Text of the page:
# Finding longest sequence such that $4k + 1$ is neither prime nor a perfect square

What is the largest value of $$k$$ such that $$4k + 1$$ produces maximum consecutive terms which are neither primes nor perfect squares and $$k$$ is a natural number.

For example, at $$k = 16$$, we get a sequence of two consecutive terms, 65 and 69 which are neither prime nor square.

One of my friend asked me this question and I am unable to solve it. Can anybody please solve it?

As Tom already explained, you can use the factorials to obtain a sequence of composite non-squares of any length you want.

However, if you only want to go up to a certain bound, your best bet might be to choose the largest $$k$$ less than the bound such that $$k - 1$$ is divisible by two consecutive integers.

For example, 9900 is divisible by 99 and 100. Then $$4 \times 9900 + 1 =$$ $$39601 = 199^2$$. Therefore, with $$k > 9900$$, we can be certain that the next $$k$$ that gives a square for $$4k + 1$$ is $$k = 10100$$, which leads to $$201^2 = 40401$$.

But any of those other $$k$$ between 9900 and 10100 could give a prime, as far as we know right now. When $$k \equiv 1 \pmod 5$$ (it ends in 1 or 6 in base 10) and $$k > 1$$, we can rest assured $$4k + 1$$ is a multiple of 5, as is, for example, 39605. And we get lucky with 36909 being a multiple of 3.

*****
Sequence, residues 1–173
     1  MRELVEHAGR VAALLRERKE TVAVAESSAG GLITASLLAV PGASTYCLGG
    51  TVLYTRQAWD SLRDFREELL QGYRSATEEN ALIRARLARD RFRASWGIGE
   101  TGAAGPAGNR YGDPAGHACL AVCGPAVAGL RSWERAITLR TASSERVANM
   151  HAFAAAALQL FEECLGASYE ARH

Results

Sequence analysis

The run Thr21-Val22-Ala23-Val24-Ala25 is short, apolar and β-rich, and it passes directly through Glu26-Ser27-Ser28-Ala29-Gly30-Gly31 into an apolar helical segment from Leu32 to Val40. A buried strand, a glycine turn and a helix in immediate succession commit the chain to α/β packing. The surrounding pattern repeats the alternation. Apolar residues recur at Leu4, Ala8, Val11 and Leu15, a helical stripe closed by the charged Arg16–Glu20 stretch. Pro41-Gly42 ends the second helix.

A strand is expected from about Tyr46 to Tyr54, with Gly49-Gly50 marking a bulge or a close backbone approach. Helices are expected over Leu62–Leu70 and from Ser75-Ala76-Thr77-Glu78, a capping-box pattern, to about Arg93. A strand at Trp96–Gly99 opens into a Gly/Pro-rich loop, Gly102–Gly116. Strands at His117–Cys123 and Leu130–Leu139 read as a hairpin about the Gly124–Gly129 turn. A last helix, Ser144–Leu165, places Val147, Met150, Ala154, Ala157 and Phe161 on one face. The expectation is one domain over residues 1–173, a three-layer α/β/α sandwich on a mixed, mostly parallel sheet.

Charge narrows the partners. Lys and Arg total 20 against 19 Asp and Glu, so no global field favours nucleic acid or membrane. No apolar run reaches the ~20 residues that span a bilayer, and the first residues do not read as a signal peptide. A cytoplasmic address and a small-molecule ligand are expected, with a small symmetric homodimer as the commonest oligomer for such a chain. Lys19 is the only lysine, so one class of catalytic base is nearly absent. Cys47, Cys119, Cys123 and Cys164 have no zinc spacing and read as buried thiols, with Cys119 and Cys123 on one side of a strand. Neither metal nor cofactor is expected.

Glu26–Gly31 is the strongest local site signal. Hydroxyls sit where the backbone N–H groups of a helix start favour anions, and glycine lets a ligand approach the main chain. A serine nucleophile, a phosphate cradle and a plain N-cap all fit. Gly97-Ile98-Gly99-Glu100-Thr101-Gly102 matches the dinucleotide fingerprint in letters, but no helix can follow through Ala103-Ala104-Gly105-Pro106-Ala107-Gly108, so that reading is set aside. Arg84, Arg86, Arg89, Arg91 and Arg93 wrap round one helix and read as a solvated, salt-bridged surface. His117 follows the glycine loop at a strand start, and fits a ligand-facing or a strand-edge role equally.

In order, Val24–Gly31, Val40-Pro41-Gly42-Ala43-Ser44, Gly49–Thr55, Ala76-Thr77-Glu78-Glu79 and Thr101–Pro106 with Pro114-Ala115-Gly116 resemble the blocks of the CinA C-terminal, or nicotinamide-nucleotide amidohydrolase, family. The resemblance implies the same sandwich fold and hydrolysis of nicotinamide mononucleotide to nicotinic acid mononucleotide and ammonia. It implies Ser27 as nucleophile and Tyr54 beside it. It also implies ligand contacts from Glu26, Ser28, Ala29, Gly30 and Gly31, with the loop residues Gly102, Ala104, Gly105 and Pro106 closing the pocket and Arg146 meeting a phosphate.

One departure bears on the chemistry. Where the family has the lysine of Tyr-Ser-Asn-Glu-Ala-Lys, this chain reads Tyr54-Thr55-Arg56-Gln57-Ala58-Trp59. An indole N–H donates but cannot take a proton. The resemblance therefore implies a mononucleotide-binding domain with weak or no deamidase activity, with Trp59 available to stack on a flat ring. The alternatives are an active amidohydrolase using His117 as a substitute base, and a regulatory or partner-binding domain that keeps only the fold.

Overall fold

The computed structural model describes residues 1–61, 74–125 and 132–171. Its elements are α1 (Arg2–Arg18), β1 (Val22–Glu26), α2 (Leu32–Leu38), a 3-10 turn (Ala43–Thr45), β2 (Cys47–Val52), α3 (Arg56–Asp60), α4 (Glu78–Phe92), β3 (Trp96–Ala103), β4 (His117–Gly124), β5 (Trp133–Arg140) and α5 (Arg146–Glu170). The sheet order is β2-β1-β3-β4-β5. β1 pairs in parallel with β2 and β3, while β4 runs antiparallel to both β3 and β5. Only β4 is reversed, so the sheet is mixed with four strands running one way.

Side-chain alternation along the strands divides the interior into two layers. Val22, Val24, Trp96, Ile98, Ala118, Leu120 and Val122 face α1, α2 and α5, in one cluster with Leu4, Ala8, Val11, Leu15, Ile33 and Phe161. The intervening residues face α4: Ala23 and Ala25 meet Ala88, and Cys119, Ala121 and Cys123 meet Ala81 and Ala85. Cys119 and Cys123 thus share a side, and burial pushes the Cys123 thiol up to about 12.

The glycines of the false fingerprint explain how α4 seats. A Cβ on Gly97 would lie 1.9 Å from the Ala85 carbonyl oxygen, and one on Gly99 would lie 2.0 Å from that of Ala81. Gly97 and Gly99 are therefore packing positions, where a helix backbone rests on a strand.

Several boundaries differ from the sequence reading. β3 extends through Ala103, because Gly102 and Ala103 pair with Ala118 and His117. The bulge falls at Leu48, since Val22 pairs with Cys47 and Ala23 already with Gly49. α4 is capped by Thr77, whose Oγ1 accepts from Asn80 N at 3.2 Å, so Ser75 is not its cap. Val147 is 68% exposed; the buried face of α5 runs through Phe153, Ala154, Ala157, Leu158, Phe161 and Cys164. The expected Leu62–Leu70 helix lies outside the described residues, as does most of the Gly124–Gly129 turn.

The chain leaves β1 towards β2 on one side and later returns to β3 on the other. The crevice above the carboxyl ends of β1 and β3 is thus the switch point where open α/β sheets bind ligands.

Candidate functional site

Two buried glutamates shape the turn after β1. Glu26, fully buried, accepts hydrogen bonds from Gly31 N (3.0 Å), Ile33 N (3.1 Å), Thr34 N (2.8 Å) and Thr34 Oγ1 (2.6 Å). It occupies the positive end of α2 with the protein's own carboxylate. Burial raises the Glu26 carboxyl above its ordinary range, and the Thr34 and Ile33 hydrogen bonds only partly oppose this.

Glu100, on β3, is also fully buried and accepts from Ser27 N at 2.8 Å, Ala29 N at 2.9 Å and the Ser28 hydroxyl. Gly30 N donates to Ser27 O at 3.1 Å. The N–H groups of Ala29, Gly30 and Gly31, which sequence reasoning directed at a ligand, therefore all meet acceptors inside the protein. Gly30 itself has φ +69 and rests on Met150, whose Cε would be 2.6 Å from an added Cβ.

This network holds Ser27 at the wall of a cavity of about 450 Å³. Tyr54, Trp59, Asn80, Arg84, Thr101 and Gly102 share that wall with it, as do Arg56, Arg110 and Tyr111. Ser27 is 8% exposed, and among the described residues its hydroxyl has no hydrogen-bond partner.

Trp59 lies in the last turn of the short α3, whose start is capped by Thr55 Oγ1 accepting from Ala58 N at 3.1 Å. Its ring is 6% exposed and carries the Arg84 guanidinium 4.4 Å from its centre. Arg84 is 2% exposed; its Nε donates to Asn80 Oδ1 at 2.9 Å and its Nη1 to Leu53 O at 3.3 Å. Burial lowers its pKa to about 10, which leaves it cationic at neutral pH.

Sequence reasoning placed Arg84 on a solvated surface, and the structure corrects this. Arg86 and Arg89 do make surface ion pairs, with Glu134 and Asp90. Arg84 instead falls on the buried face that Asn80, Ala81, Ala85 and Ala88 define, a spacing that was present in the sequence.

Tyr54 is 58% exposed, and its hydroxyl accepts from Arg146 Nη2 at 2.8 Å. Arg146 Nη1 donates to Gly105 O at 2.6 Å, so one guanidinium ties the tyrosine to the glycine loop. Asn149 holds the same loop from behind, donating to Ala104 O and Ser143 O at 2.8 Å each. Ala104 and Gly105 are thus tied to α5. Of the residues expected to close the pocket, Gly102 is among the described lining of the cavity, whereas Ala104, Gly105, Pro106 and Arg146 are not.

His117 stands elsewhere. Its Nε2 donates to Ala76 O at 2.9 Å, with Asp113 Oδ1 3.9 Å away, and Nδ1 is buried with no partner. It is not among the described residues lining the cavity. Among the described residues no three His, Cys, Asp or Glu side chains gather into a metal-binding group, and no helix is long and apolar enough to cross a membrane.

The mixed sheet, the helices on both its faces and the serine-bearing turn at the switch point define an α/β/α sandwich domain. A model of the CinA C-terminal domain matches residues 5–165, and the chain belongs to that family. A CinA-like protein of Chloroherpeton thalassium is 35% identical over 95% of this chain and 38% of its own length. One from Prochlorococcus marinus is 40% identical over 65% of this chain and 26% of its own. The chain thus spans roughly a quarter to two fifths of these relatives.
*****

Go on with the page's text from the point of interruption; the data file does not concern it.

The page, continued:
I give Mathematica the command Select[Range[9890, 10100], PrimeQ[4# + 1] &] and it answers that $$k = 9927$$ plugged into $$4k + 1$$ gives a prime, as well as a bunch of other numbers (this works in Wolfram Alpha, too).

Applying Differences[%] (you'll have to be a bit more verbose in Wolfram Alpha, but not necessarily with too much typing) we see the largest difference is 32, but that includes the square 39601 produced by $$k = 9900$$.

So the longest sequence up to your stated bound of 10000 might indeed be of length 26, but I don't feel like checking $$k < 9000$$. Not that it would be too difficult in Mathematica or even Wolfram Alpha, it just takes a bit more mental effort than I'm willing to expend on this problem.

Given any $$n>1$$, if $$M=\left((4n+1)!\right)^2+5$$ is of the form $$4k+1.$$

And $$M,M+4,M+8,\dots,M+4(n-1)$$ are not prime, and they are not squares, because the next largest square is $$\left((4n+1)!+1\right)^2,$$ which is $$M+2(4n+1)!-4$$ and it is easy to see that $$2(4n+1)!-4>4(n-1).$$

So there is no longest sequence.

You can replace $$(4n+1)!$$ with the product $$2\prod_{j=1}^{n}(4j+1)$$ to get a smaller $$M,$$ but still it is by far likely not to be the smallest $$M$$ such that $$M,\dots,M+4(n-1)$$ have this property.

• What if set the condition k<10000?? – The Demonix _ Hermit Sep 22 '19 at 16:04
• With an upper bound, it is just painful calculation. @TheDemonix_Hermit – Thomas Andrews Sep 22 '19 at 16:09
• My computer calculated and found it to be 26.Can It be true?? – The Demonix _ Hermit Sep 22 '19 at 16:14
• $k = 26$? I doubt it. I'm writing up an answer... – Robert Soupe Sep 22 '19 at 21:00
• @Mike you have that $M+4j$ is divisible by $4j+5$ for $j=0,1,\dots,n-1.$ – Thomas Andrews Sep 23 '19 at 19:39